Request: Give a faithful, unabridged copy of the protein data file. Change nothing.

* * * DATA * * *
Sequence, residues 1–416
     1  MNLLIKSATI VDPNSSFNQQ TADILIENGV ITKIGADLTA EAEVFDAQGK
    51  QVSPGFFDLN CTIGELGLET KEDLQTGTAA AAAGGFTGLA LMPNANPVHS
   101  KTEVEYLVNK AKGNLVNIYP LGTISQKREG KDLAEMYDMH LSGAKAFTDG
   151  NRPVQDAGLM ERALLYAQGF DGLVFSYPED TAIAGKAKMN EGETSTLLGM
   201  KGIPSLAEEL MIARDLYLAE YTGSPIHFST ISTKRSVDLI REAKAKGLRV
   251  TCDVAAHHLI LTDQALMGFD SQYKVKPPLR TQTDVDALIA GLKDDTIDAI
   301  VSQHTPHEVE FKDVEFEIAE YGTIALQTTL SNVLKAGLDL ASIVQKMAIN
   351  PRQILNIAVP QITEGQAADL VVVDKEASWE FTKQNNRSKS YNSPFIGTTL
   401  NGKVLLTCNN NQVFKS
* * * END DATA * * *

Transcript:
Sequence, residues 1–416
     1  MNLLIKSATI VDPNSSFNQQ TADILIENGV ITKIGADLTA EAEVFDAQGK
    51  QVSPGFFDLN CTIGELGLET KEDLQTGTAA AAAGGFTGLA LMPNANPVHS
   101  KTEVEYLVNK AKGNLVNIYP LGTISQKREG KDLAEMYDMH LSGAKAFTDG
   151  NRPVQDAGLM ERALLYAQGF DGLVFSYPED TAIAGKAKMN EGETSTLLGM
   201  KGIPSLAEEL MIARDLYLAE YTGSPIHFST ISTKRSVDLI REAKAKGLRV
   251  TCDVAAHHLI LTDQALMGFD SQYKVKPPLR TQTDVDALIA GLKDDTIDAI
   301  VSQHTPHEVE FKDVEFEIAE YGTIALQTTL SNVLKAGLDL ASIVQKMAIN
   351  PRQILNIAVP QITEGQAADL VVVDKEASWE FTKQNNRSKS YNSPFIGTTL
   401  NGKVLLTCNN NQVFKS